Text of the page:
Wednesday, November 14, 2012

Isis: The Popularity of Egyptian Gods

In contrast to most male-based religions, ancient Egyptians revered female gods as much as males.  From as early as 3000 years B.C., goddesses were equal to gods in power, and pharaonic queens, like Nefertiti and Cleopatra, ruled the nation.

Isis came to prominence about 2500 years B.C.  She represented all things feminine and was considered a completely benevolent being.  She championed women, mothers, children, the poor, and the weak.  She was described as Queen of Heaven, Mother of the Gods, Great Lady of Magic, Lady of Green Crops, Mistress of the House of Life, and even She Who Knows How To Make Right Use of the Heart.

The worship of Isis spread throughout Egypt into many cities and even over the seas to other Mediterranean countries and Europe.  In some Coptic Christian circles, she remains an important figure even today.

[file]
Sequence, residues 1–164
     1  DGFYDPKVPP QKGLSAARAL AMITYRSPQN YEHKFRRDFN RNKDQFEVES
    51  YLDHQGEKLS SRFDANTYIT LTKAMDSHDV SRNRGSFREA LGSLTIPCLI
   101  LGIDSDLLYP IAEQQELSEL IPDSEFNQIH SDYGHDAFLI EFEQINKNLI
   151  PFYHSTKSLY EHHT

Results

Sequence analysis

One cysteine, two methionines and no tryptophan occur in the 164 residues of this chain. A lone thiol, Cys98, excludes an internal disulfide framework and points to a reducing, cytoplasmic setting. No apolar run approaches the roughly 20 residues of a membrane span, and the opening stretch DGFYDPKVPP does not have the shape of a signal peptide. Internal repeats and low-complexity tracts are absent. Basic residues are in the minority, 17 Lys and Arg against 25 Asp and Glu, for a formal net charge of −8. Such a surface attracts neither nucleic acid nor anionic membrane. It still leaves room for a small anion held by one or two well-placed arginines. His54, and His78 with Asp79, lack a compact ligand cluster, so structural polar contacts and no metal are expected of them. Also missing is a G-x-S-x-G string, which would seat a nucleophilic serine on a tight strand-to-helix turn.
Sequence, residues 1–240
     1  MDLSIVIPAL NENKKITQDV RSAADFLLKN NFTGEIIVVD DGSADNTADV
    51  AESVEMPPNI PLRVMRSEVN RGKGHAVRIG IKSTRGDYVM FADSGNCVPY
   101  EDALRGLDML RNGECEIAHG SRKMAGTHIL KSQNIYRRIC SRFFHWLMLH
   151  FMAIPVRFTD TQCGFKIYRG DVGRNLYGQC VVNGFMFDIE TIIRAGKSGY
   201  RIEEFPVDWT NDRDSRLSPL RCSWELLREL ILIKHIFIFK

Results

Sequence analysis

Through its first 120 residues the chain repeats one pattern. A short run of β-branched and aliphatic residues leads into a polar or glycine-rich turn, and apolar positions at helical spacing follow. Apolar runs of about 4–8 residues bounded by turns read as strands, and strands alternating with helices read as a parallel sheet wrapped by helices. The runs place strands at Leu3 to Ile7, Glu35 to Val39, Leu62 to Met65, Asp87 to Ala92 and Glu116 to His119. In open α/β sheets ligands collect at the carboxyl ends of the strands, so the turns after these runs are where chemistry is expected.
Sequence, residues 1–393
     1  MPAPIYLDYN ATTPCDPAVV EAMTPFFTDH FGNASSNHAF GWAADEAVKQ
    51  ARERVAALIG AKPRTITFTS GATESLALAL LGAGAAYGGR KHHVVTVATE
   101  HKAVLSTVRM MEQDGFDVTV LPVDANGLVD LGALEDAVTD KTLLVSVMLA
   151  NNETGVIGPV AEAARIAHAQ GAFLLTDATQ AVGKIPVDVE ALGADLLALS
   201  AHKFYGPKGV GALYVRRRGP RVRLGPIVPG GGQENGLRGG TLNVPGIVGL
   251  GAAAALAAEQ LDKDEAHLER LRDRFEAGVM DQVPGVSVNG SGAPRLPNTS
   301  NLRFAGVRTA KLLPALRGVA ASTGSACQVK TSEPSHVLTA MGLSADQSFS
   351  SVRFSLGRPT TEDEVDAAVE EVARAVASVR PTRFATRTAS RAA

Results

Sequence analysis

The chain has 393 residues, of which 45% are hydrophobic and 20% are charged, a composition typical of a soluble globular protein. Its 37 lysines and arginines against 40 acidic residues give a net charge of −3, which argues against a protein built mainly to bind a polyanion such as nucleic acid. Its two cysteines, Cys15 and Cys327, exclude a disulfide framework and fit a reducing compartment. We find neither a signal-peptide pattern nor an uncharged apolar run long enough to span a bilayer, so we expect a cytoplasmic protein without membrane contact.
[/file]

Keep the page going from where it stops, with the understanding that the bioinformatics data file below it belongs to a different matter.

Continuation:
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Why am I posting all this?  Because according to Blogger statistics, the search term that sends the highest number of people to my blog is “Isis.”  She’s listed on my page of Egyptian Gods.  Yes, I included the page because I know how popular Egyptian gods are, but I honestly never expected that page would be more popular than any of my posts, nor that Isis would be the one that everyone looks up.


Anyone have a theory as to why Isis is more popular than Horus, Anubis, or Ra?

I usually encourage my CPs to come up with original mythos instead of borrowing from old ones. But would you rather read a novel based on famous Egyptian gods or focusing on more imaginative but lesser-known Egyptian superstitions?

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